by Kenneth Justice
~ Growing up in Christian culture during the 1990’s I had a front row seat to the rebirth of Reformed Theology throughout Western Culture.
You see, Reformed Theology was intricately connected to the Protestants of the 16th century who contributed to the massive split throughout Christendom; men like Martin Luther and John Calvin postulated the idea that man has no free will, that we are powerless to believe in god or believe in atheism, that god determines everything.
There are many things I really appreciate about Reformed Theology, and on the same token there are many things I DO NOT appreciate about Reformed Theology.
During much of the 19th and 20th century, Reformed Theology simmered down and slowly disappeared as the main view of the Protestants, that is until the rebirth of Reformed Theology during the latter part of the 20th century when it became a massive movement throughout Evangelicalism once again.
Men like the now disgraced Mark Driscoll in Seattle, led mega churches in which they preached that men and women have no free will and that everything is predetermined by god. Like all doctrines and religious belief systems, the great travesty of Reformed Theology is that it creates an “us and them” mentality. The people in the Reformed camp believe they have a special window on revelation and truth, and the rest of the world are a bunch of nebbishes.
Of course, this “us and them” mentality reaches into so many philosophies;
—) Atheists believe they have a corner on the truth and everyone else are a bunch of nebbishes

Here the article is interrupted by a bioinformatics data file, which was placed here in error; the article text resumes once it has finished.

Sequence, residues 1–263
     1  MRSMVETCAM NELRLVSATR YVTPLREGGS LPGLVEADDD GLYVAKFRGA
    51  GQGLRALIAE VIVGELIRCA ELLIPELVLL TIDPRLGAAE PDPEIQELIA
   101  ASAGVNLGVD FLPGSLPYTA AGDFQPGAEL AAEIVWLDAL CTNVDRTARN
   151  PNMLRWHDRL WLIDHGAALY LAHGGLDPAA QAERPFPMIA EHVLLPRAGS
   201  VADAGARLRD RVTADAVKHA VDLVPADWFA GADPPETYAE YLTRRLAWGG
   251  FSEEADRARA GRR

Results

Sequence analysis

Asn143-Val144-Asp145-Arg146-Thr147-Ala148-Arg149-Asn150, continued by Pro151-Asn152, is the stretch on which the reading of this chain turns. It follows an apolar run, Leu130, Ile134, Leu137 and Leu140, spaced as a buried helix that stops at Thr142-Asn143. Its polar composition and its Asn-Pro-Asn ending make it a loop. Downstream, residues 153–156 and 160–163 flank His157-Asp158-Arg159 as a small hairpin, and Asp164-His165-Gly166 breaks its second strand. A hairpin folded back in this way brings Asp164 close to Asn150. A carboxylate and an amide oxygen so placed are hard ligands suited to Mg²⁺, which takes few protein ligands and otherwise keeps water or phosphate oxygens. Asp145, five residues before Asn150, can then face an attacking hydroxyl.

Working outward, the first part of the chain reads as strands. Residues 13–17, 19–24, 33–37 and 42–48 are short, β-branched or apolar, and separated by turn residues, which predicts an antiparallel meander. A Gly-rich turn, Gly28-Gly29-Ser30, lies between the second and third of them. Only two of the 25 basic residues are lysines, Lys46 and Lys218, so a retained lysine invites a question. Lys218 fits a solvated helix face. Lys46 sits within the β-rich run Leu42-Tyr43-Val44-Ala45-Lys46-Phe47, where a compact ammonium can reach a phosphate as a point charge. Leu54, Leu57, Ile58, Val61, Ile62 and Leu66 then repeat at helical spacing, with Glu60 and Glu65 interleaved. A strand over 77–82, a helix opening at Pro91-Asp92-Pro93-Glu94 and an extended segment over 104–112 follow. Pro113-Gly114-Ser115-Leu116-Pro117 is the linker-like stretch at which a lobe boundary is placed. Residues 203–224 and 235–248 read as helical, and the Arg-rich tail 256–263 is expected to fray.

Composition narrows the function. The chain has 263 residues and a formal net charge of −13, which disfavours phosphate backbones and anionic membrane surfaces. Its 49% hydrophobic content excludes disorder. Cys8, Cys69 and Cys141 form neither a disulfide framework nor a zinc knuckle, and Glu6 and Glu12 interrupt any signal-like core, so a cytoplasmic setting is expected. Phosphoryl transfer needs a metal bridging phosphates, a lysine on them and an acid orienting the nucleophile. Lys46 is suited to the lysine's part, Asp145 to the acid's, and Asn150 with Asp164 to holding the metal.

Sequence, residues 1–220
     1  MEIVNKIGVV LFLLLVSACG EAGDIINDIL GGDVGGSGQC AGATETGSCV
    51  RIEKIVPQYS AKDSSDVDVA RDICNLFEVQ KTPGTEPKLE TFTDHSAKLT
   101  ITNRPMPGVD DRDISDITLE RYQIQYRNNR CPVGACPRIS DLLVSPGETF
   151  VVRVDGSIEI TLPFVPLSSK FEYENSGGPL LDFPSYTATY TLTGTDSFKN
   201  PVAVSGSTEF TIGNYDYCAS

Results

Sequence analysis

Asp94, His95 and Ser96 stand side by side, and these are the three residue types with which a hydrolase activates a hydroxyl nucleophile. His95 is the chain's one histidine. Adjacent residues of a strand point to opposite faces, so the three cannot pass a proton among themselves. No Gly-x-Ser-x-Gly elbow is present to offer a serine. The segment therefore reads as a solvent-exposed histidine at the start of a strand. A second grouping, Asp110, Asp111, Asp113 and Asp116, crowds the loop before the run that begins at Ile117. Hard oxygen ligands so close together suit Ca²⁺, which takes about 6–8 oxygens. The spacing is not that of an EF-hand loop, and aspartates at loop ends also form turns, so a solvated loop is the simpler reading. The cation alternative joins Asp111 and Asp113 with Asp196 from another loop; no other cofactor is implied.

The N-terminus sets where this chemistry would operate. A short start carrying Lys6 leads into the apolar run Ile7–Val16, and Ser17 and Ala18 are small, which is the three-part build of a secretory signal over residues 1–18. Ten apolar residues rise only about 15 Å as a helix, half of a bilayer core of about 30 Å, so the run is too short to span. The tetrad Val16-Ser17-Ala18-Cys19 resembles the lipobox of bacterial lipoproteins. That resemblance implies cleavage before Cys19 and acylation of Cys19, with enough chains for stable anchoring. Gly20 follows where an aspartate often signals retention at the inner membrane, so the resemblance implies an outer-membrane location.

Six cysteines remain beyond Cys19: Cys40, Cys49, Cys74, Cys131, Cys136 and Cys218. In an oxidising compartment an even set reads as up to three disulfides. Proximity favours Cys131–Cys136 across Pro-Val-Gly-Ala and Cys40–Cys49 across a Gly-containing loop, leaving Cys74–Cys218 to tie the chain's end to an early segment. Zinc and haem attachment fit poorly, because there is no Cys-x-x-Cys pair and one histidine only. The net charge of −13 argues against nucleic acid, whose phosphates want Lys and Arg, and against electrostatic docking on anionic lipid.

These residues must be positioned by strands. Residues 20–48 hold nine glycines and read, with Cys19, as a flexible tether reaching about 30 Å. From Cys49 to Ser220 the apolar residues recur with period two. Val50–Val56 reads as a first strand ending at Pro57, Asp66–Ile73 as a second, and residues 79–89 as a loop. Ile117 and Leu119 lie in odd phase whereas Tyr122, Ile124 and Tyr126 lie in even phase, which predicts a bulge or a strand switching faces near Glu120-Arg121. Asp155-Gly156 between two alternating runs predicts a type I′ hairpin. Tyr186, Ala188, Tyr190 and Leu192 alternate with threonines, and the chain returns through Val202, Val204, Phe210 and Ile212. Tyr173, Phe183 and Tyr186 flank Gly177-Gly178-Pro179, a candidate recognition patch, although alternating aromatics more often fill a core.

—) Scientists believe they have a corner on the truth and anyone who disagrees is an idiot
—) Religious fundamentalists of all stripes believe they are right and everyone else is wrong
The wise philosopher is always ready to listen. Isn’t that the true hallmark of wisdom; listening. Perhaps I’m wrong, but any time someone get’s really defensive and upset in relation to their belief system; it usually tells me that the person is uncertain and a really bad listener.
Shouldn’t we always be open to being wrong? Shouldn’t we be open to new ideas and new perspectives?
Tonight I have the pleasure of having fellow blogger Chandler Klebbs on my Live Streaming show. Although Chandler is not a Christian, oddly enough he prescribes to the idea that none of us have free will. Apparently Reformed Christians are not the only ones who do not believe in free will.
Ultimately, if you and I are serious about community and connecting with each other, then doesn’t that mean we should always be open to listening to others and engaging in positive dialogue?
Just a few thoughts as I sipped my coffee,
Categories: Culture & Society